As the pusher bar approached the back end of the stack mover the plaintiff called to the defendant to release the power from the tractor. Defendant apparently became confused in attempting to release the power. Instead of throwing in the clutch he attempted to shut off the motor of the tractor. He could see the switch was wired across and had been informed of that condition before he tried to operate the tractor. As a boss he did not operate the stack mover and tractor as frequently as his employees but was familiar with their operation. There is no evidence in the record to indicate that plaintiff had any reason to anticipate that defendant would be unable to release the power.

Under normal operations of the stack mover there would have been no occasion for plaintiff to have stepped on the draw bar while the power take-off was in operation. It was only after plaintiff was suddenly confronted with defendant's demand for help and the realization that defendant was not releasing the power that he stepped on the draw bar. The condition of the machinery, therefore, did not constitute a risk to plaintiff until defendant's negligence made it so.

Defendant contends that plaintiff did not have to step on the draw bar but could have run away from the danger of the cables or approached the tractor in a different manner. Assuming this to be true, this is not the freedom of choice we refer to when we speak of the voluntary assumption of a risk. There exists no opportunity under such circumstances for reflection to make an intelligent choice between quitting and continuing under the direction of his employer. The choices such as defendant points out are material only in determining whether plaintiff exercised due care in his behavior in regard to the risk and not to his assumption of such risk.

We are of the opinion the evidence is insufficient to show that plaintiff assumed the risks he was confronted with here. The only issue for the jury to determine under the evidence was whether or not the plaintiff exercised the care that an ordinary prudent person would have under the same or similar circumstances. The jury found under proper instructions that plaintiff did exercise such care. Such finding is sustained by the evidence.

After a showing was made in the absence of the jury that defendant was insured by the Anchor Casualty Company of St. Paul, Minnesota, plaintiff moved that he be permitted to make inquiry of the jury on voir dire as to whether any prospective juror was an officer, director, stockholder or agent of any insurance company. Defendant moved the examination be restricted to inquire whether a prospective juror *659 was an officer, agent, employer or stockholder of any corporation and only if the answer was in the affirmative should further inquiry be permitted. The court granted plaintiff's motion limiting him to one question to the jury as a whole and denied defendant's motion. Defendant argues that it was error to permit the examination as requested by plaintiff.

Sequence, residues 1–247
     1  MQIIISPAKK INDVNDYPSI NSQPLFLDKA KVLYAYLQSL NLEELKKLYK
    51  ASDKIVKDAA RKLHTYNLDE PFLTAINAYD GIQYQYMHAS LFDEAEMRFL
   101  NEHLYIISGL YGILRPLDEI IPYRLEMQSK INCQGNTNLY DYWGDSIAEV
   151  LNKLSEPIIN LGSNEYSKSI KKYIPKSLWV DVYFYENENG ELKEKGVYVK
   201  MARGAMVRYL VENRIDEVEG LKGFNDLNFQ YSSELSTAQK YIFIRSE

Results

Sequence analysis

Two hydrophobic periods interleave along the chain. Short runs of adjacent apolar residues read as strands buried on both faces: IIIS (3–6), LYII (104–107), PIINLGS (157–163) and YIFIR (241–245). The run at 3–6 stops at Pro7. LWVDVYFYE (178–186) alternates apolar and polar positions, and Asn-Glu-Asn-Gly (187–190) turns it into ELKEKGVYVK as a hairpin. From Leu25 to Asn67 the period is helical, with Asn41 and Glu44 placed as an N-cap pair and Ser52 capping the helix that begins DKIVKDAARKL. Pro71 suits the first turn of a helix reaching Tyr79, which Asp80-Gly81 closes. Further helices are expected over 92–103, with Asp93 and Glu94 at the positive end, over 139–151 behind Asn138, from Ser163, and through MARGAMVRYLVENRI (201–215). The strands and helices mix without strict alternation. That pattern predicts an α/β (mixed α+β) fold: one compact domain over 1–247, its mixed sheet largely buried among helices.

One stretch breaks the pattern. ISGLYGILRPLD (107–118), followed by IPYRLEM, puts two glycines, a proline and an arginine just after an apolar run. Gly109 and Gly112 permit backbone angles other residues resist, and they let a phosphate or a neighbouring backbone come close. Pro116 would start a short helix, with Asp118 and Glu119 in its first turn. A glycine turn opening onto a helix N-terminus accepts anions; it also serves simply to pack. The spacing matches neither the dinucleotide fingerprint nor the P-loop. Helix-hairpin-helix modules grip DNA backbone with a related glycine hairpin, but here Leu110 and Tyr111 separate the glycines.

Defendant relies on the case of Jacobson v. Coady, S.D., 84 N.W.2d 1, 3, in support of his contention. In this case we said:

"This court has held that if plaintiff acts in good faith it is permissible to ask prospective jurors in cases of the character here involved if they are interested as a stockholder or agent of any insurance company handling liability insurance. We have also held that where it is shown out of the jury's hearing that defendant is insured that the good faith in asking such a question is established."

We then said, "It was not intended by our previous cases to hold that the questions therein propounded to prospective jurors were proper under all circumstances." It was not our intent, however, in the Jacobson case to hold that the form of question as requested by defendant therein with the additions suggested by us would be the only proper form of question under all circumstances. The matter of determining good faith of counsel in his examination of prospective jurors must of necessity rest within the sound discretion of the trial court. The trial court knows the attorneys, usually most of the jury panel, and the type of community in which the trial is held. From this knowledge the trial court is better enabled to determine the good faith of counsel than we can from the printed record. The trial court can, of course, abuse its discretion and in a proper case we would not hesitate to so find. We find no such abuse of discretion here.

We have considered the other assignments of error briefed and argued by plaintiff. We find no prejudicial error therein.


RENTTO, P. J., and ROBERTS and HANSON, JJ., concur.

SMITH, J., concurs in result.